From the Worldwide Faith News archives www.wfn.org
[ENS] Colombias small Protestant communities targeted says report
"Mika Larson" <firstname.lastname@example.org>
Mon, 25 Aug 2003 17:41:03 -0400
Colombia's small Protestant communities targeted says report
by Chris Herlinger
Ecumenical News International
[ENS] New York, 22 August (ENI) * Members of Colombia's small Protestant
communities continue to be targets in Colombia's ongoing civil war, a
new report shows.
At least 38 Protestant clergy, lay leaders or church members have been
killed in the first half of 2003, according to the report, addressed to
the "global family of faith," and issued to coincide this month with the
completion of Alvaro Uribe's first year as president of Colombia.
The report was written by Ricardo Esquivia, a prominent Mennonite peace
activist in Colombia, who is a well-known official of the Evangelical
Council of Colombian Churches, a coalition of Protestant churches
working in an overwhelmingly Roman Catholic country.
Esquivia, writing on behalf of the Colombia church council, said
civilians, particularly in rural areas, continue to be the primary
victims of the war. The 40-year conflict involves the US-backed
Colombian military, leftist guerrilla groups trying to overthrow the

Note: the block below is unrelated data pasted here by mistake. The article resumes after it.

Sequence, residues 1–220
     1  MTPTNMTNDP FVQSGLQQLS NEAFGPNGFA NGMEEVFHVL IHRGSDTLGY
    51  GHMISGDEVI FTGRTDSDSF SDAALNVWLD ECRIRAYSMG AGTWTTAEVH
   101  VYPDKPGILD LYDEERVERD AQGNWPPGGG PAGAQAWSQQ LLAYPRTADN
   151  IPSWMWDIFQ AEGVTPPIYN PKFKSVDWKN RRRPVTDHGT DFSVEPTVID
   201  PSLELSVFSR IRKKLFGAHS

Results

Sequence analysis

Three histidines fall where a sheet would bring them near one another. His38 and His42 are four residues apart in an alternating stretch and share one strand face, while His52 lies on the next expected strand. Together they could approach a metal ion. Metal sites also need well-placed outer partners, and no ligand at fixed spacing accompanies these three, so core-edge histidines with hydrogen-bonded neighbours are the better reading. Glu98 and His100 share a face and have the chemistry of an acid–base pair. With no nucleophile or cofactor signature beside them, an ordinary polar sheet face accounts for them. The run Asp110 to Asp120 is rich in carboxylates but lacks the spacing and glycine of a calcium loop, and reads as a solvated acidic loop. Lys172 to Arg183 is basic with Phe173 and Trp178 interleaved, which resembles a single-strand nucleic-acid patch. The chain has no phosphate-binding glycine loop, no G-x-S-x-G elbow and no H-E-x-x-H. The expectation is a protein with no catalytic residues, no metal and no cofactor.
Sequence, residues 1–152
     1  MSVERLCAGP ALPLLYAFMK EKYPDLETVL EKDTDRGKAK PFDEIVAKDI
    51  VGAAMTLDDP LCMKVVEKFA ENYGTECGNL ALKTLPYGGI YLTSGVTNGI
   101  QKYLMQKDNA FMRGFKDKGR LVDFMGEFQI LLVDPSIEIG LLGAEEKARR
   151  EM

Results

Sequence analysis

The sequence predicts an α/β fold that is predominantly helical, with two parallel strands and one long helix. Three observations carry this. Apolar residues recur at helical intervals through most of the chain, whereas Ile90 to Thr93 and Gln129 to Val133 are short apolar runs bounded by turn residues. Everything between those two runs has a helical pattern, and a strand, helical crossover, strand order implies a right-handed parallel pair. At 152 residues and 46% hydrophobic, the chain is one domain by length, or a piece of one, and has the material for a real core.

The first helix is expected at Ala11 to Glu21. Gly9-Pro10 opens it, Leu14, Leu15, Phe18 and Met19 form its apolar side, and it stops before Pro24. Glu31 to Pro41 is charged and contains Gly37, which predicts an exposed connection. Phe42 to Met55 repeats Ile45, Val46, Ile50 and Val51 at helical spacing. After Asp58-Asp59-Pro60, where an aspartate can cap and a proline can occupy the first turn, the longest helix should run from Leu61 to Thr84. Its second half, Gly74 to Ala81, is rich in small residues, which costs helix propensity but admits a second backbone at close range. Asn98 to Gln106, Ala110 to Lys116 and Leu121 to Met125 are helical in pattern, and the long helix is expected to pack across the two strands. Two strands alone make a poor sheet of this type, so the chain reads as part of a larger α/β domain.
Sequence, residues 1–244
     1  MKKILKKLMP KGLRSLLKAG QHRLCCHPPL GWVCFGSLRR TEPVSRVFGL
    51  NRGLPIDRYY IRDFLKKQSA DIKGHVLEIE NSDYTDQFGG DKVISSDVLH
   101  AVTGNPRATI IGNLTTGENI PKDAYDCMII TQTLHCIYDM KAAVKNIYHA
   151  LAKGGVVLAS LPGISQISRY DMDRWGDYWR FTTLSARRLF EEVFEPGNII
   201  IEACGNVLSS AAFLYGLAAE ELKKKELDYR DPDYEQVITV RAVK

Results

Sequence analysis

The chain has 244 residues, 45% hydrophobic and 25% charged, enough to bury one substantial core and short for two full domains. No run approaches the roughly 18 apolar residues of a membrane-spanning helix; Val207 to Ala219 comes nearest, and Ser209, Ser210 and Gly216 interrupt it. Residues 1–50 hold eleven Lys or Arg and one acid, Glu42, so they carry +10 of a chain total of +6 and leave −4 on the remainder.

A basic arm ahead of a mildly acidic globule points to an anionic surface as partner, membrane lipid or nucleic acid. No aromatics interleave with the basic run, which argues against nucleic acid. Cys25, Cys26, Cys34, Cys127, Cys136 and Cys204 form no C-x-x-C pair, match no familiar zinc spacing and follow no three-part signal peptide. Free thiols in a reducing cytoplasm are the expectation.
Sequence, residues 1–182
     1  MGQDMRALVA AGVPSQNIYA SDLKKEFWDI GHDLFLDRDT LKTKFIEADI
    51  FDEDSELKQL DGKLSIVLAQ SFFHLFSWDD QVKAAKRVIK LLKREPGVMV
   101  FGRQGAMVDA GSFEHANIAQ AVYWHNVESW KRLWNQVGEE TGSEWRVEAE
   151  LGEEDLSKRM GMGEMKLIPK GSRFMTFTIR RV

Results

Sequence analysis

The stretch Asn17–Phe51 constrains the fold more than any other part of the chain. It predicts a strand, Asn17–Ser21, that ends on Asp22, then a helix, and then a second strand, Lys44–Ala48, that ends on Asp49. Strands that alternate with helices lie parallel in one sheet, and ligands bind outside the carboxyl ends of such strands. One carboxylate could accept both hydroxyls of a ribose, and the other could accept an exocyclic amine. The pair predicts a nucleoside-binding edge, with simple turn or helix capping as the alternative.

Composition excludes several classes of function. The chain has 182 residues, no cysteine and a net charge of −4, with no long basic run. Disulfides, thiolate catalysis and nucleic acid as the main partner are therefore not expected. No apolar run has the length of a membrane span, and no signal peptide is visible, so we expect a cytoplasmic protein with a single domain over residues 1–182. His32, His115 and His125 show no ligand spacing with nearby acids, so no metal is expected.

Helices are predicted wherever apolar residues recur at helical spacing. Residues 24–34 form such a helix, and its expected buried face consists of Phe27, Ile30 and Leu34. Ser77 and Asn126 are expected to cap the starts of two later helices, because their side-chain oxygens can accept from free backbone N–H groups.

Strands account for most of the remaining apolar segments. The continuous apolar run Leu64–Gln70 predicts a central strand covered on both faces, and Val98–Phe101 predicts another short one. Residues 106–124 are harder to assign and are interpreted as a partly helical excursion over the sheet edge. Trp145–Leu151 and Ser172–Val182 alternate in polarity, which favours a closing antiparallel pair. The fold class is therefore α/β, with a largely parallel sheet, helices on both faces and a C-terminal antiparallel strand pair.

country's government, various right-wing paramilitary groups and private
The war is believed to cause at least 30 000 deaths annually and has
resulted in the forced displacement within Colombia of some 3 million
persons, one of the highest rates of internal displacement in the world.
Protestant Christians, Esquivia said, "as part of the civilian
population, are not exempt from this situation and have been greatly
affected by this wave of injustice, violence and intensification of
Clergy, church leaders and members - many from small evangelical or
Pentecostal churches in poor, rural communities - are often targets
because they offer assistance to those from war-affected areas. They
face retaliation for such help from paramilitary and guerrilla groups
when those areas are under control of different armed factions.
Esquivia's report notes that Protestant church leaders and members have
been killed in various parts of the country by members of both armed
left-wing and right-wing groups.
Most victims are young - under 40 - and the youngest, Orgando Ropero, a
member of a Pentecostal church in Arauca, in oil-rich north-eastern
Colombia, was nine years old at the time of his death. He was killed on
17 April when a leftist guerrilla gave him the equivalent of 35 US cents
to carry a bomb and place it front of a local police station. The bomb
went off, killing the boy.
Such acts are said to have made Uribe's policies against guerrilla
forces popular in war-weary Colombia. But Esquivia in his report
criticised the government, saying its efforts to step up the war against
the leftist guerrilla forces "has begun to consume the majority of the
economic and political resources available to the government" and has
resulted in "restricting civil democratic freedoms." [449 words]
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